It’s fantastic to know your purpose. What’s even better is the ability to fulfill that purpose. It means you are engaged and willingly participating in life.
I’ve spoken with several people lately who have said they have no motivation, are dealing with constant fatigue and not feeling well. A similar theme rings true in each of their lives: they say, and even believe, they have no purpose. Life has become a chore, rather than a deliberate choice that fulfills them.
There is a difference between chores and deliberate choices. Chores come from obligation. Deliberate choices, though they often come with labor, also have rewards. These rewards might come in the form of a paycheck, feeling good about community service, or helping someone in need. At the end of the day, something is accomplished and with it comes a sense of purpose.
My mom, in her late sixties through early seventies, helped at a local mission. It was hot and dusty. She developed a nagging cough and often didn’t feel well when she got home. Despite this, she faithfully gave of her time and felt good about her role in helping at this mission. Though the labor was hard on her aging body, it was not a chore. It was a reason to get out of the house, along with helping others and contributing to society. She thrived on having a purpose.
Due to a few unfortunate events, my mom was no longer able to spend her time at the mission. The result was devastating. Depression overtook her. Lethargy and hopelessness became battles she could no longer fight. We encouraged her to find something else, but she couldn’t bring herself to do so. In her mind, she lost her purpose and a reason to keep living. Within the space of six months, she passed away.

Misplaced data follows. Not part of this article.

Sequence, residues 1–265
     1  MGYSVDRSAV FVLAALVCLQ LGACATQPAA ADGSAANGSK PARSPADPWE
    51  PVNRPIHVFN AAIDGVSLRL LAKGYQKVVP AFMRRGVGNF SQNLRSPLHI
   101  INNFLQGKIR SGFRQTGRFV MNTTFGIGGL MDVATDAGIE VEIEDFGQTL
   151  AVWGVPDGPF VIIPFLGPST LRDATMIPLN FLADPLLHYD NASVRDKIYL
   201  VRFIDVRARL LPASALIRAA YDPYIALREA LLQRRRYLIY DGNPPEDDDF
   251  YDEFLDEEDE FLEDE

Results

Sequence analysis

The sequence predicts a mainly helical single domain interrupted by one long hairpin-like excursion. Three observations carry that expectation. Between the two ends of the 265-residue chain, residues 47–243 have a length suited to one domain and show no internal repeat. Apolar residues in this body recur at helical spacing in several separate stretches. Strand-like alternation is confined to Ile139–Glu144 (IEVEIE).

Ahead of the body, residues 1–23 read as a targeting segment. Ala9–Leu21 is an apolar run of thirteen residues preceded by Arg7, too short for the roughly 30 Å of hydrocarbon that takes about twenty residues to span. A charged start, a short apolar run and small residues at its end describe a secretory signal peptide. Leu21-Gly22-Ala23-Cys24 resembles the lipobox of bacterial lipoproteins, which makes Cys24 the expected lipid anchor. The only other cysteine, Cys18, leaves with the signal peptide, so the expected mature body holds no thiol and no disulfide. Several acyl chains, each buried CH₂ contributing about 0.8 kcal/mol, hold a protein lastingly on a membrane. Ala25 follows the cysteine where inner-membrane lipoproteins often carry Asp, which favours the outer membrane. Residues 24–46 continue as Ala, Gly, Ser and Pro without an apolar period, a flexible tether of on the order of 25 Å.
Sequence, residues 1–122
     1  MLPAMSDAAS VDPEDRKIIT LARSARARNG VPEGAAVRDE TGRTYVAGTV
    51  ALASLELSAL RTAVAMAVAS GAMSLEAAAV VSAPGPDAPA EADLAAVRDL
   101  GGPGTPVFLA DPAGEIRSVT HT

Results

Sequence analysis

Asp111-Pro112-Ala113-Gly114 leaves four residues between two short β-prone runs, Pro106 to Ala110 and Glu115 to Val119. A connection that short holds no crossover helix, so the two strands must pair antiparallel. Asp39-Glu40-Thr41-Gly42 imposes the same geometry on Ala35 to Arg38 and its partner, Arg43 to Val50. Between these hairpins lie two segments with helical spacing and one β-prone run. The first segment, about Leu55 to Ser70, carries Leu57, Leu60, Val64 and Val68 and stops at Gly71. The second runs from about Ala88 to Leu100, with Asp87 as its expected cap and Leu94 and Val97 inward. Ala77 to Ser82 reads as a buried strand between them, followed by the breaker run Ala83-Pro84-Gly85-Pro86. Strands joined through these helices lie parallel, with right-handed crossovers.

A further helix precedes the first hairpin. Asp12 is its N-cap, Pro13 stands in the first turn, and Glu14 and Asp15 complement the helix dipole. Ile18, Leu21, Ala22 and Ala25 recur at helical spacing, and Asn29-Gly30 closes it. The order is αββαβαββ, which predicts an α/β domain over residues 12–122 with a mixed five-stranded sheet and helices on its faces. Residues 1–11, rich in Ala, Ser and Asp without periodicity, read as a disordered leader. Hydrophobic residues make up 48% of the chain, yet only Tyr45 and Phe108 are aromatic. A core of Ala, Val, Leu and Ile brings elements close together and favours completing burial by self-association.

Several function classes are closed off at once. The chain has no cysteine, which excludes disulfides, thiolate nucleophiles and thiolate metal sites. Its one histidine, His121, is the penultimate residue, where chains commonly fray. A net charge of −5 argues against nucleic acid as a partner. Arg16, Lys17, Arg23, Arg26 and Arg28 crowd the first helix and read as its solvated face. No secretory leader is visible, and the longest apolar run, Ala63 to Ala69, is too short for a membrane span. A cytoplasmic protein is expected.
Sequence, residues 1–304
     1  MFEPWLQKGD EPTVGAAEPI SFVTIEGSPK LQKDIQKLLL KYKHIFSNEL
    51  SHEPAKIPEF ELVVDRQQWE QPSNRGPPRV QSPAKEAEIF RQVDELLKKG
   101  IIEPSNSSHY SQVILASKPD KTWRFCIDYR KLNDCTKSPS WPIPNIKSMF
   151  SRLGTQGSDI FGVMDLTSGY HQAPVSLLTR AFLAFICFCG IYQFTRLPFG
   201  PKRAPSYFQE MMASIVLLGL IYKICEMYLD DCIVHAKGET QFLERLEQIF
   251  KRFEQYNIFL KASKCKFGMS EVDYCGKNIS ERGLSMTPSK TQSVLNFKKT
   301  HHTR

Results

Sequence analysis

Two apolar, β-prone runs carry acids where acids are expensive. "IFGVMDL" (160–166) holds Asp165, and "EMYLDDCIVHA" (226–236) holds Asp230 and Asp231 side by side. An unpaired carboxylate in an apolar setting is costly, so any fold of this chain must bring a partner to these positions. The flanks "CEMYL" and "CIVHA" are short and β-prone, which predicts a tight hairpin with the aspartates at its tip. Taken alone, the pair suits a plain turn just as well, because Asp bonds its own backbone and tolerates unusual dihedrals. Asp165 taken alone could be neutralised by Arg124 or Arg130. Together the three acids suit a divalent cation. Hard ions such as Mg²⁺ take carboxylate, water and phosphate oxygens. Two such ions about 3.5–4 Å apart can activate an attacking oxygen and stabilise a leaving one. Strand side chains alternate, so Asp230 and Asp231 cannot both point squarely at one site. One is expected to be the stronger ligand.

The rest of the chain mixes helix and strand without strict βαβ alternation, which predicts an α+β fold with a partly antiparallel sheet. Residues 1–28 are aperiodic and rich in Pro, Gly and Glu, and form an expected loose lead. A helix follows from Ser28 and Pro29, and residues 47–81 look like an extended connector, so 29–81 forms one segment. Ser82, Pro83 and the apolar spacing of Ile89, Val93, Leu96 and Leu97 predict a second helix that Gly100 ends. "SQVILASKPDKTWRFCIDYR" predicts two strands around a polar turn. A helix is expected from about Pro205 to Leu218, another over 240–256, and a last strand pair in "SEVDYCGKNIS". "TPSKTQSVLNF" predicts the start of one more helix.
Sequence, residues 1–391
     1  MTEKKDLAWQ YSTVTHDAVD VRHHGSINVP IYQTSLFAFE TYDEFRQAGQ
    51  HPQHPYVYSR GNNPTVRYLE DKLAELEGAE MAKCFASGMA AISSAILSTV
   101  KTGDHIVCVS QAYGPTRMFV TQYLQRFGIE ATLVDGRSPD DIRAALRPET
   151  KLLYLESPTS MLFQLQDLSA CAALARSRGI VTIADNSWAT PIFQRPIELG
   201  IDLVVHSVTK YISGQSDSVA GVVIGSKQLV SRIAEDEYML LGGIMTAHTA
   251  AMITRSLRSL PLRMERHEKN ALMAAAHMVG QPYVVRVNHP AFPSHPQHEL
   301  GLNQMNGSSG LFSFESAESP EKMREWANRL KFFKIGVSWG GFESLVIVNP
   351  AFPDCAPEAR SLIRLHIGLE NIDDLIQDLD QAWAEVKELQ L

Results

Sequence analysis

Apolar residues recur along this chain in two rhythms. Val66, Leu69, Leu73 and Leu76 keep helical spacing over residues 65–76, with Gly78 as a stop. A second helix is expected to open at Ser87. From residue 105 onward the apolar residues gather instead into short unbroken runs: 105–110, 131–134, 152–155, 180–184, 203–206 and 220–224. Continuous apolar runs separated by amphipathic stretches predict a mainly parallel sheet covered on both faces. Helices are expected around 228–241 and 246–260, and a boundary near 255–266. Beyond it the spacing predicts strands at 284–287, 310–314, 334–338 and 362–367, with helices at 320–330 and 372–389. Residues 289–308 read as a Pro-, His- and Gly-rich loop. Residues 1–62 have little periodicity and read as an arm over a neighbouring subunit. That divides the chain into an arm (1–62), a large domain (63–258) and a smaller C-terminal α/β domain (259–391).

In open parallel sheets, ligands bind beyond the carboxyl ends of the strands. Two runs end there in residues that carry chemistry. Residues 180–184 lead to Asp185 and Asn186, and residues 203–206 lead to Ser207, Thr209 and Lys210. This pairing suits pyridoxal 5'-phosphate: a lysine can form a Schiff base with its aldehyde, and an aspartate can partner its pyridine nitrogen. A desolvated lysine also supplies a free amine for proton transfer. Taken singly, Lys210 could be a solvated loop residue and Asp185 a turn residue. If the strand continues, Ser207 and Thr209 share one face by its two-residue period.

Living without hope or resolve is like a poison eating away at the soul. This often contributes to health issues, both physical and emotional. On the flip side, health issues can also push people to a state of hopelessness. There are times when an illness becomes someone’s reality, that willpower to move forward diminishes and life becomes a constant struggle. Unfortunately, you don’t have to be old to relate.
It’s of utmost importance that we keep ourselves active and look for opportunities that bring meaning to our lives. Whether it is by helping others or doing something creative, our focus should be outward. I have some older friends that are always doing things for others and looking for occasions to be a light. Most recently, they started attending a drawing class at a local college. This is something they’ve never done before, but they believe you’re never too old to learn a new skill. It also gives them an opportunity to meet new people and develop new friendships. Because they live life on purpose, their health issues (a reality of aging), haven’t stopped them.
Col 3: 23-24 And whatever you do, do it heartily, as to the Lord and not to men, knowing that from the Lord you will receive the reward of the inheritance; for you serve the Lord Christ.
I encourage those of you who are struggling to find a purpose, to look beyond this very moment. If you need to, start small and read a good book or take a walk. Send a note to a friend. Do something, anything, to shake off the weariness. Then, open your eyes to all the possibilities that still remain within your sphere of influence.
We only get one shot at life. Let’s live it to the fullest and at the end of our days be able to say that we ran our race well. It’s a race worth running and a fight worth winning!
Arleen Jennings is the author of,
Their lives were all but destroyed . . .
Her paintings are about to change everything.